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mamiya super 23 question

 
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mgluss



Joined: 25 Apr 2006
Posts: 1
Location: Canada

PostPosted: Wed Apr 26, 2006 3:47 am    Post subject: Reply with quote

i just purchased a mamiya super 23 and cant fire the camera. how does one cock the camera. i put film in the back, set the counter to 1 and took the slide out but nothing. help!! thank you
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Dan Fromm



Joined: 14 May 2001
Posts: 1892
Location: New Jersey

PostPosted: Wed Apr 26, 2006 11:04 am    Post subject: Reply with quote

Quote:

On 2006-04-25 20:47, mgluss wrote:
i just purchased a mamiya super 23 and cant fire the camera. how does one cock the camera. i put film in the back, set the counter to 1 and took the slide out but nothing. help!! thank you
There's a cocking lever on the shutter. Film advance and shutter cocking are not coupled. Welcome to the wonderful world of press cameras.
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ASpeedGraphic



Joined: 10 May 2006
Posts: 24
Location: Los Angeles, CA

PostPosted: Thu May 11, 2006 3:26 am    Post subject: Reply with quote

Hello,

Sounds like you are having trouble with the camera. Let me know if you want to unload it...

Just kidding. These are great cameras. I have a sweet one myself, early silver model with the ground glass back for 6X9 sheet film and its matching lens. Seriously, though. I am surprised you even have this camera if you don't know this. They are not well known among people who are not already camera nerds. Really, it's no big deal. They are called "press" cameras, but when they came out these things were very rarely used by the press anyhow, so speed wasn't really an issue.

You need to cock the shutter, which is located right behind the lens. I assume you have one of the two 100mm 3.5s available for the camera. It's called a leaf shutter. What you are used to is called a focal plane shutter. The leaf shutter is right behind the lens, while the focal plane shutter is right in front of the film.

The focal plane shutter is a great type of shutter to have, and in almost all cases the shutter is automatically cocked when you advance the film. The pain is that you can only use flash up to a certain shutter speed, and you can get weird distortion on objects if they are moving to fast to be frozen (like the old picture of the race car that looks like it's a cartoon because of the forward leaning oblong wheels). On teh Super 23, you are dealing with an old style shutter, like those found on pretty much any large format camera and some medium format ones.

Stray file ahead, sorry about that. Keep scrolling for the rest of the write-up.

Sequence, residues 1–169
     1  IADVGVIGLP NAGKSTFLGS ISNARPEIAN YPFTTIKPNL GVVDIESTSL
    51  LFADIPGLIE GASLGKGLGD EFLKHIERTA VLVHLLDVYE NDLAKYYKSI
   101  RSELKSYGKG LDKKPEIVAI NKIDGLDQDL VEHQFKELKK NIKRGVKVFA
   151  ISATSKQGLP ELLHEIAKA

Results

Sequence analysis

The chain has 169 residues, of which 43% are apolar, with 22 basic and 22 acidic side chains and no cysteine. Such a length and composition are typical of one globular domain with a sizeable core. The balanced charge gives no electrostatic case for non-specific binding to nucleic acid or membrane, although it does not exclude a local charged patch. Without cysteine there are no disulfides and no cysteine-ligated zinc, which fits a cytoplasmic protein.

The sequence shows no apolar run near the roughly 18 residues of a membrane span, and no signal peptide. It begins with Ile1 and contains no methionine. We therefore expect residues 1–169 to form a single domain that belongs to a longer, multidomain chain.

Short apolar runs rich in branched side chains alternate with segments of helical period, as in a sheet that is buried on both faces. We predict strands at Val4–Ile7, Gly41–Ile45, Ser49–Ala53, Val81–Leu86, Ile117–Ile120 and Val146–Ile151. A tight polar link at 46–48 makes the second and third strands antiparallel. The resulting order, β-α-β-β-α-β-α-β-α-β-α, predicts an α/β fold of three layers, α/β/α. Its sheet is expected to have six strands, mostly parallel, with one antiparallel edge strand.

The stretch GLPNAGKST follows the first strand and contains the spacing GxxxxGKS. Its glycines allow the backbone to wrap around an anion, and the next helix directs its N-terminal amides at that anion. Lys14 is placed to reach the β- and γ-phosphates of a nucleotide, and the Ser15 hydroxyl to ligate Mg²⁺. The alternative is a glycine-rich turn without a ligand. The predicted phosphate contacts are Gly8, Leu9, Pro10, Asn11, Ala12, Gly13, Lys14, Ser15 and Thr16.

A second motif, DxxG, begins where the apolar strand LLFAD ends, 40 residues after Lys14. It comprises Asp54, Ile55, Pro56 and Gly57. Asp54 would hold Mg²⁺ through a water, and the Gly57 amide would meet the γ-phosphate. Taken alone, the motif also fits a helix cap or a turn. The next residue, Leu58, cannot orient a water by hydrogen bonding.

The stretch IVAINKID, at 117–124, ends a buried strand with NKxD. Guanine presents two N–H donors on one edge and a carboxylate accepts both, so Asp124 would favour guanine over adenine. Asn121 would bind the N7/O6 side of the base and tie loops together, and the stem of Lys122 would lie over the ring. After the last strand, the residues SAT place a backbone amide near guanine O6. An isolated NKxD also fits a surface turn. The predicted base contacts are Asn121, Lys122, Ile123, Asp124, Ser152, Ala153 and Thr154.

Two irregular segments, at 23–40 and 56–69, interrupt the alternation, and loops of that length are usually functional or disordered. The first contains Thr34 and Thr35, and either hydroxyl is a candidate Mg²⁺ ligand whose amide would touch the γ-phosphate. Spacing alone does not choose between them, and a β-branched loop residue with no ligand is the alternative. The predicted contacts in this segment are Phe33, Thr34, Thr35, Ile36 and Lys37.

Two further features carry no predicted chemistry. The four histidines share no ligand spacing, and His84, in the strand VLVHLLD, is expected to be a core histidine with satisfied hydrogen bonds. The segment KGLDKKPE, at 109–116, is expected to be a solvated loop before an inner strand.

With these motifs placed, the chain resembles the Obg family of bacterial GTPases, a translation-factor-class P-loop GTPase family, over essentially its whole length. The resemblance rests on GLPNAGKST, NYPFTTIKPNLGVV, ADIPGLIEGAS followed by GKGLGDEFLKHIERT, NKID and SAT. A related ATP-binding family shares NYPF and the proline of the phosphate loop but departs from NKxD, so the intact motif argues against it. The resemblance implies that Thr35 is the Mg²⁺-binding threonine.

Your lens has a few conrols. First, there is the shutter cocking lever. It's a small level on the top of the lens. Near it, there should be a button to open the shutter for composing the image on the ground glass if you have it. You won't use this very often unless you are using the ground glass or checking something out with your lens. There is also the shutter release lever (above which there should be a bracket for the cable release triggered from the handle) and the aperture ring (or needle on some lenses).

Once you cock the shutter, you can trip it with your left hand using the button on the grip or with your right hand on the shutter itself to make your exposure. Then, you make two complete strokes of the advance lever, cock your shutter, set your new exposure if necessary, and you are ready again. This is how it was done for years upon years. 35mm cameras were a very expensive luxury when they first came out.

It would behoove you to learn on one of these fully manual "dinosaurs". It will help you fully understand, appreciate, and make better use of your 35. It will teach you to think about your composition, it will teach you technique, and it will teach you about the mechanics of the camera. It will REALLY teach you about exposure! I quickly dropped my 35 for a long time when I got my Super 23. I discovered it was the aspect ratio that I really loved more than anything, and you have the same one with 6X9. I would hang onto that camera and learn it inside out. It's not a question of one vs. the other, but, rather knowing what camera to use for what situations. The 35 has a spontaneous quality like no other, but you can get darn close with your 23 or a Graphic.

[ This Message was edited by: ASpeedGraphic on 2006-05-11 00:24 ]
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